Many people wanted to see a Jeon Ki-Young vs Hidehiko Yoshida rematch after Jeon's world title in 1993 but back then, international competitions were a rarity. The IJF World Tour didn’t exist and there were no Grand Slams or Grand Prix where they could meet. Furthermore, the World Championships were also held only once every two years. Judo fans had to wait until the 1995 World Championships for that rematch to happen. But happen it did. Oon Yeoh writes about the best ever Korean judoka.
Both men were in top form although Yoshida had home-ground advantage. He stormed his way to the final using his trademark uchimata. Jeon meanwhile, tore through his first three matches with panache, throwing Peter Toncs of Hungary (the current coach of European Champion Hedvig Karakas) with uchimata, Miroslav Jocovic of Yugoslavia with drop morote-seoi-nage and Algimantas Merkevicius of Lithuania with a drop sode-tsurikomi-goshi.
He had a hard time with Nicolas Gill of Canada though. He opened up the accounts with a drop morote-seoi-nage for waza-ari. Gill replied with a huge osoto-gari that one corner judge wanted to give ippon for. But Jeon had landed largely on his side and waza-ari was correctly given. Gill was under pressure though as he was down on penalties. As he made a last-minute push forward, Jeon dropped under him with another morote-seoi-nage. That gave him a waza-ari-awasete-ippon win. Jeon was through to the final.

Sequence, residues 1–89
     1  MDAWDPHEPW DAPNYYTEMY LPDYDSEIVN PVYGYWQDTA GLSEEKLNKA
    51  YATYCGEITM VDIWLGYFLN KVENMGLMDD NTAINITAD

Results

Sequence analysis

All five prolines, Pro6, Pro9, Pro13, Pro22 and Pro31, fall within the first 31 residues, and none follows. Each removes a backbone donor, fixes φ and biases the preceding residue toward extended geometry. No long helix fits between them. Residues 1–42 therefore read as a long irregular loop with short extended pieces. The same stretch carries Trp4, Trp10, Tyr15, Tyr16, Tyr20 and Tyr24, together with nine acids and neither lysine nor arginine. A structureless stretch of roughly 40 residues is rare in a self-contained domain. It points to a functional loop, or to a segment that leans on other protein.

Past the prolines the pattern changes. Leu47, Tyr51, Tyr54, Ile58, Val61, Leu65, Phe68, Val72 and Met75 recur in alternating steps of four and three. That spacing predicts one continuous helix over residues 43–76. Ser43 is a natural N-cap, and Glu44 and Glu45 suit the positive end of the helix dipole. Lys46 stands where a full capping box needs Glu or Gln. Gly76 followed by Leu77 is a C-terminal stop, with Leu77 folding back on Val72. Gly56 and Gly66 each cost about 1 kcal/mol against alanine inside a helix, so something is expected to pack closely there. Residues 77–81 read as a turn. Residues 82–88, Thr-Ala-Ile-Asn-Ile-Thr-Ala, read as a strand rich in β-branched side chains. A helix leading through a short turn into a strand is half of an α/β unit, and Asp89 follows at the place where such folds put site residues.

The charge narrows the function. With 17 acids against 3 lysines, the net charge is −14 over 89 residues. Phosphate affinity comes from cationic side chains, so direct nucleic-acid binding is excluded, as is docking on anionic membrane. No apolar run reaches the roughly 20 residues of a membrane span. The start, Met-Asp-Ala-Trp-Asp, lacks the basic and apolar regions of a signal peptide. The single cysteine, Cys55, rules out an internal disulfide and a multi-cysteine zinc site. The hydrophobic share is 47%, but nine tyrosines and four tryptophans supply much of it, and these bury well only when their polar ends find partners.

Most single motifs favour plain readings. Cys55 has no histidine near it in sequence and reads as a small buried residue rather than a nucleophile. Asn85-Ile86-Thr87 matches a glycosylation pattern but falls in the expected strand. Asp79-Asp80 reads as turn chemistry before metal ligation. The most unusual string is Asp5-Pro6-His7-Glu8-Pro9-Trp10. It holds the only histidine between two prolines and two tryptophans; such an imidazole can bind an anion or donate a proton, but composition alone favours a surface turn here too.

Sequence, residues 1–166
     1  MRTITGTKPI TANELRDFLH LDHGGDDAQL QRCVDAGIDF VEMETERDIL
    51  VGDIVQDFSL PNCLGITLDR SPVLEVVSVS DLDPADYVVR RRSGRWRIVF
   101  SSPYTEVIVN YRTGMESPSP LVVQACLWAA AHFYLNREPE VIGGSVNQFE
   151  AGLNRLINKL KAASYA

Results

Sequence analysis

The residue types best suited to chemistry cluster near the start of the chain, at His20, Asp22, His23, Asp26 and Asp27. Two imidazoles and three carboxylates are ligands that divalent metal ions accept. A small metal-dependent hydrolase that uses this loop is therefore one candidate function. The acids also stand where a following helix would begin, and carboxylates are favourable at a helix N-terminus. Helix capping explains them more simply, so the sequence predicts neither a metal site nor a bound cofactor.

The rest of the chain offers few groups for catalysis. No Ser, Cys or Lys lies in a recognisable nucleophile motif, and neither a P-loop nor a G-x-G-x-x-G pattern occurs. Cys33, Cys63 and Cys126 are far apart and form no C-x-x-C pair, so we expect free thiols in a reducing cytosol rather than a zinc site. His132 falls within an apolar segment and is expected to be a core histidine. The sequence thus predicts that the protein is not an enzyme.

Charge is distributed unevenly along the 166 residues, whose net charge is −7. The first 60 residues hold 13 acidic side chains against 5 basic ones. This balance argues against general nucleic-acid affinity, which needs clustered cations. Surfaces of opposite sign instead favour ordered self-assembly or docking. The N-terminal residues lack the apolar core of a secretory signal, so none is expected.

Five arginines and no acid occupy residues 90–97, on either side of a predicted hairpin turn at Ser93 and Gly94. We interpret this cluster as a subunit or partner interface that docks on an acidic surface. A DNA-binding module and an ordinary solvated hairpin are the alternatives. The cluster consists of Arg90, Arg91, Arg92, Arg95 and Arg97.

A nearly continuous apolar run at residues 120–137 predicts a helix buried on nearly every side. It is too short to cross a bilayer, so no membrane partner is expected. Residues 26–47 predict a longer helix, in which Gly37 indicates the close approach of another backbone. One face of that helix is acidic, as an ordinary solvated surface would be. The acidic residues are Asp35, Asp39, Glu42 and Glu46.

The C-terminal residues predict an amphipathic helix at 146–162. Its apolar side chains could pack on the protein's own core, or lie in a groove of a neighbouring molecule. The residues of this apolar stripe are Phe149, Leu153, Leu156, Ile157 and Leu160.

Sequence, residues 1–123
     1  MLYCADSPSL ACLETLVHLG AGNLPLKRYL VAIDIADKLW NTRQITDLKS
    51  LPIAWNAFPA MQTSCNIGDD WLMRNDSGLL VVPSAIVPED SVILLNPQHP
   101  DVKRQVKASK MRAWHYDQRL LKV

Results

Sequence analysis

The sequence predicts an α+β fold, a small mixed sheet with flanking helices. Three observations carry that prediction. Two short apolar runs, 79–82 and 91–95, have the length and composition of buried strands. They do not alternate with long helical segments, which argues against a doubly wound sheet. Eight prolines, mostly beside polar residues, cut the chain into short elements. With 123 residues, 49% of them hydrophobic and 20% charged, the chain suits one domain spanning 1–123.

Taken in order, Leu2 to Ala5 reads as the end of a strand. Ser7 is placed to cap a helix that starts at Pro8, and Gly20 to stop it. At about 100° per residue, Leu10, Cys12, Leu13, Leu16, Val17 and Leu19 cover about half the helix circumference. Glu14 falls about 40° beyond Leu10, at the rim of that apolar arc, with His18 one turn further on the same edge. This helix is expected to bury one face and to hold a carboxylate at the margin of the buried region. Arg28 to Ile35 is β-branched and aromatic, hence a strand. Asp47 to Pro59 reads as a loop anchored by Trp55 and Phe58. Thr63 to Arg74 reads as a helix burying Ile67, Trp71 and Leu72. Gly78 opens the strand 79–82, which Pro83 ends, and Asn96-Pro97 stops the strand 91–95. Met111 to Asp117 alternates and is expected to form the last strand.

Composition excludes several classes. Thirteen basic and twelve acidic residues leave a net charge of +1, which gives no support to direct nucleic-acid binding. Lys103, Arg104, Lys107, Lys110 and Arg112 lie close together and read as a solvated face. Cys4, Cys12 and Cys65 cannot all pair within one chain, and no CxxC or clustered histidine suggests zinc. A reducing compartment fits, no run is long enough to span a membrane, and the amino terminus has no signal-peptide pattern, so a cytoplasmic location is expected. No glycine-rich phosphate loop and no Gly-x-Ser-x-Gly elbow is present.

As was the case in 1993, Yoshida came across as the more confident of the two. And like the first time, it was Yoshida that did most of the attacking, knocking Jeon down with kouchi-gari and osoto-gari. There was no score though as Jeon managed to sprawl onto his front each time.
The fact that both players were left-handed made it difficult for either of them to do their favorite techniques. Jeon tried morote-seoi-nage a few times but to no avail. Yoshida made the crowd gasp when at the end of the mat, he came in with an uchimata attempt that had Jeon in the air. No score though as Jeon was able to ride the technique.
Yoshida was clearly ahead on attacks when Jeon sprung a brilliant combination, coming in with a drop sode-tsurikomi-goshi which Yoshida repelled. Then, instead of coming in with second drop attack, he stood up and drove into Yoshida with an osoto-gari that took the Japanese down onto his back. And with that, Jeon settled the question of whether he was capable of defeating a fully-fit Yoshida. The natural question on everybody’s mind though was does Jeon have what it takes to win the Olympics?
Enjoy more Judo history written by Oon Yeoh at JudoCrazy